Ryan Caldbeck and Rory Eakin founded CircleUp, their equity-crowdfunding portal, in 2011, before the word "crowdfunding" would be printed in news without definition, and long before the U.S. Securities and Exchange Commission would debate how to shape regulations necessary when one attaches to it equity stakes.
Three years later, the company has carved out an impressively strong niche--connecting accredited investors to consumer-facing product companies--and is showing strong traction toward making those investments pay off for both parties.
A new slate of investors, including Canaan Partners, and Rose Park Advisors, agree. They and others are adding $14 million in funding--the largest equity-crowdfunding investment to date--to CircleUp's existing $9 million in venture capital investment from Google Ventures, Maveron, and Union Square Ventures, among others.
Bright Spot in Equity Crowdfunding
CircleUp has helped more than 30 companies raise over $30 million in growth capital in the past two years. The amount invested using the platform grew by five times in the course of last year, and currently the site is hosting more than 60 projects--it hopes to get all of them funded.
If it seems a little meta for a company that helps other companies find investors was just itself seeking funding--it sure is. What's interesting here is that while CircleUp is following the trajectory of a fast-growth San Francisco tech start-up, it's actually structured as a traditional broker-dealer, not as a funding portal, which would potentially subject the company to new regulations from the SEC.
Even before those regulations are completely hammered out, an abundance of new platforms for raising money online are establishing themselves as places for investors and startups to meet. There is an array of business models equity-crowdfunding companies are following, including acting as an online venture capital firm, as is FundersClub, or Crowdfunder, which is an investor community that manages microfunds for investors. Another site, Earlyfund, can act as either a broker-dealer or a special fund manager. All these accept only accredited investors.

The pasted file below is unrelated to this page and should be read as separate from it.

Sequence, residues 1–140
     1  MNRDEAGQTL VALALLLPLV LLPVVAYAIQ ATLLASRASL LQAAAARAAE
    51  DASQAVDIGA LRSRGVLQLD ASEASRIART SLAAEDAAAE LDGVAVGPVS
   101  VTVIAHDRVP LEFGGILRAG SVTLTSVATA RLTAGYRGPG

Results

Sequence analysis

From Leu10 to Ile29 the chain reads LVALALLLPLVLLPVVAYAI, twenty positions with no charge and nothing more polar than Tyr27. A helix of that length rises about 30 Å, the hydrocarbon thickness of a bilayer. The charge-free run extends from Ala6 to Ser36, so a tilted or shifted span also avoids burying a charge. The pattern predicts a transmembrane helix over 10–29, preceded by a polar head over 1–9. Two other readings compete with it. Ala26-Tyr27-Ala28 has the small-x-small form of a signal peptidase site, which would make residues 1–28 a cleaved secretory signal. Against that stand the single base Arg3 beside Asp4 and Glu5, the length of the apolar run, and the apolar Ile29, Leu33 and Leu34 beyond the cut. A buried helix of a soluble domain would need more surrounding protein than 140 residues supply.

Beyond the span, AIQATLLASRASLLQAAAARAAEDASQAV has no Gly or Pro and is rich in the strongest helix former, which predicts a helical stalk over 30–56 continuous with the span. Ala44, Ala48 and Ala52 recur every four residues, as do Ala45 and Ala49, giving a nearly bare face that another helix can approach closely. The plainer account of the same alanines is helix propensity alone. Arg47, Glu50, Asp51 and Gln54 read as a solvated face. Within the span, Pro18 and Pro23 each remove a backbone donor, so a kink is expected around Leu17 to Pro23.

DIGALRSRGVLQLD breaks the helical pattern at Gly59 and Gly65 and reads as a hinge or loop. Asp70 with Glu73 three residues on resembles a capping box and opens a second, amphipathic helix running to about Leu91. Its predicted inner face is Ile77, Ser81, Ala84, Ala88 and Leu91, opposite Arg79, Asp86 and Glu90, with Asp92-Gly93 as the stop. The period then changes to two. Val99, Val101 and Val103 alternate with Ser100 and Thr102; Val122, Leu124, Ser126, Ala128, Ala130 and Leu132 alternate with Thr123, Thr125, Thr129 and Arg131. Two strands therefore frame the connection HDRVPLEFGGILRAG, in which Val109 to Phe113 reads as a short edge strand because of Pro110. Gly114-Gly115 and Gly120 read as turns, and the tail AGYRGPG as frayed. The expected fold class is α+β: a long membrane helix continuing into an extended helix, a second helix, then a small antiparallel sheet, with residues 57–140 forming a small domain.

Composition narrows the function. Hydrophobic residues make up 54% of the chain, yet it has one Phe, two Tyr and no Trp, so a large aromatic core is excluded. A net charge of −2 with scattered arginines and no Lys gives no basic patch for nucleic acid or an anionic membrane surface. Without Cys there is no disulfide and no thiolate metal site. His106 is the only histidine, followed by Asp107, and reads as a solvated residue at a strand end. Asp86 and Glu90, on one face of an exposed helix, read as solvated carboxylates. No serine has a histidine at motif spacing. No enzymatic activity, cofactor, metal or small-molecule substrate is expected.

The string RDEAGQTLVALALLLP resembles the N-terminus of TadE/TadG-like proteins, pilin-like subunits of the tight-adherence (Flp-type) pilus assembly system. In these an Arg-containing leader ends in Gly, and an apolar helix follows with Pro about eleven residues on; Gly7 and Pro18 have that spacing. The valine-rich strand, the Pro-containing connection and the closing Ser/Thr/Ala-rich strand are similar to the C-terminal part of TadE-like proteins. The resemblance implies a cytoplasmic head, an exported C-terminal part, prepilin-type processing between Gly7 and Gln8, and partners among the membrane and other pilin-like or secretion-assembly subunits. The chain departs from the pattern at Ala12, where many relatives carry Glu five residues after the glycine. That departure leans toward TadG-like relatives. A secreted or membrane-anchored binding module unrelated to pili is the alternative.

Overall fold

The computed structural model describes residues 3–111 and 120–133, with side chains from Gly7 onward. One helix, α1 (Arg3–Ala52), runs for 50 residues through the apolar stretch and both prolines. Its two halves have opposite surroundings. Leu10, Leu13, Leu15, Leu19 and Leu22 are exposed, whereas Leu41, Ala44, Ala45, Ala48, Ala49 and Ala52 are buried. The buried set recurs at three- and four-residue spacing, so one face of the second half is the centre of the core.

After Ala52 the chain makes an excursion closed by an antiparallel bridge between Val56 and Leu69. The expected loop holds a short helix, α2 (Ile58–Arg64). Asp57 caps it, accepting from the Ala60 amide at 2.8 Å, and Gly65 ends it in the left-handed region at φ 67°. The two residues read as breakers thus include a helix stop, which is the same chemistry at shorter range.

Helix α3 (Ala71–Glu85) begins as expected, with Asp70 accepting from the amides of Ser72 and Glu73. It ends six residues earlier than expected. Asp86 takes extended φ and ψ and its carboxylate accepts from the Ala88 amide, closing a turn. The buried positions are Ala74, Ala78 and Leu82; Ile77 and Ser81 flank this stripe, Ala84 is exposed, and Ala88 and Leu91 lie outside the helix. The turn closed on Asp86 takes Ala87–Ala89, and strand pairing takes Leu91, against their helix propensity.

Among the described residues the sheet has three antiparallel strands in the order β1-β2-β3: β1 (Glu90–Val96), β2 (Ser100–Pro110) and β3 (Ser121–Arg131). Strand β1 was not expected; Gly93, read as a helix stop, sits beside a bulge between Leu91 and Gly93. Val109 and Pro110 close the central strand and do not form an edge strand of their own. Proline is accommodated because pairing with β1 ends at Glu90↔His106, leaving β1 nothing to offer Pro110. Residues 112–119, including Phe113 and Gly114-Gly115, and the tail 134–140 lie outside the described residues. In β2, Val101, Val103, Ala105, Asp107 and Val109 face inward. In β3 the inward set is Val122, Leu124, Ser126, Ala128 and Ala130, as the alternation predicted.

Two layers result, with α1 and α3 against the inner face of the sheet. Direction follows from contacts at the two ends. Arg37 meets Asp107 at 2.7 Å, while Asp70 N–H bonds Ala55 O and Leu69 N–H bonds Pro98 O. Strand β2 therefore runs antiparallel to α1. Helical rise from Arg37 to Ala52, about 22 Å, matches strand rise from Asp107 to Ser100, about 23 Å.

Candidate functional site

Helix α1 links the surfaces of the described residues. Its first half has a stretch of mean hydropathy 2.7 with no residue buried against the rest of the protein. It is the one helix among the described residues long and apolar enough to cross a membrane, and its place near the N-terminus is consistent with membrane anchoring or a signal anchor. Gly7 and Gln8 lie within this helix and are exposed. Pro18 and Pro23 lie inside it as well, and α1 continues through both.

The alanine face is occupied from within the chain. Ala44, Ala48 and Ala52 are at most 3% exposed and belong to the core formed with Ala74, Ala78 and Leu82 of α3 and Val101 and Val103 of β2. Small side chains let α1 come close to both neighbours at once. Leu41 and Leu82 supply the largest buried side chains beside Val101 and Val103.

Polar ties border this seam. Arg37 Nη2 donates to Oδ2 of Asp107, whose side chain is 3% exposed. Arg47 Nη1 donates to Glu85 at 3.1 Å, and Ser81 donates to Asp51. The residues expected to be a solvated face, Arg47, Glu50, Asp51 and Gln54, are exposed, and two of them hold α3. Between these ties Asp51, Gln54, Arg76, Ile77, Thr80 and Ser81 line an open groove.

CircleUp stands out in that the companies using it to find interested investors are typically making consumer products one could find on retail shelves and hold in a hand; say, a certified-organic granola bar, an artisanal hard cider, or eyewear. The companies behind the products already have revenue, but need a hard-to-find boost of funding to scale faster.
This is where CircleUp comes in: to help these consumer companies, in industries that sprout plenty of "lifestyle" businesses, start to resemble the fast-growth Silicon Valley model. And by design, they'll all be seeking significant exits.
"We don't have any companies on the site who are looking at it as a lifestyle business," says Eakin, CircleUp's co-founder and COO. "Most typically these companies will exit to a private equity fund or strategic acquisition. One of the screening questions we ask our companies is where do you see an exit?"
Despite that the data is thin because CircleUp is so young, according to Eakin, the average company that's raised funding using the platform has grown 80 percent in revenue in the year following their raise. And companies' gross margins have expanded 5 points, to 39 percent, on average.
Plenty of companies want in; according to Eakin, CircleUp accepts and posts only 2 percent of projects that apply for listing on the site.
Over the next few months, CircleUp--which now has 24 employees--will be using its new cash infusion to bolster its product team, and, as Eakin says, "making it easier for investors to have everything they need to conduct their diligence. Given the sizeable transactions that we support, it's got to be a significant investment on our part."
Investors describe the niche CircleUp fills--funding companies that make tangible goods and are seeking $500,000 to $5 million--as extremely promising.
"Unlike tech investing, where angel networks are well established, this is a nascent funding ecosystem," says Dan Levitan, who is a partner of Maveron, which he co-founded with Howard Schultz, the chairman and CEO of Starbucks. "As an ex-investment banker, I used to get pitched by a lot of these businesses that are too small for my firm, but that are looking for money. The need is definitely there."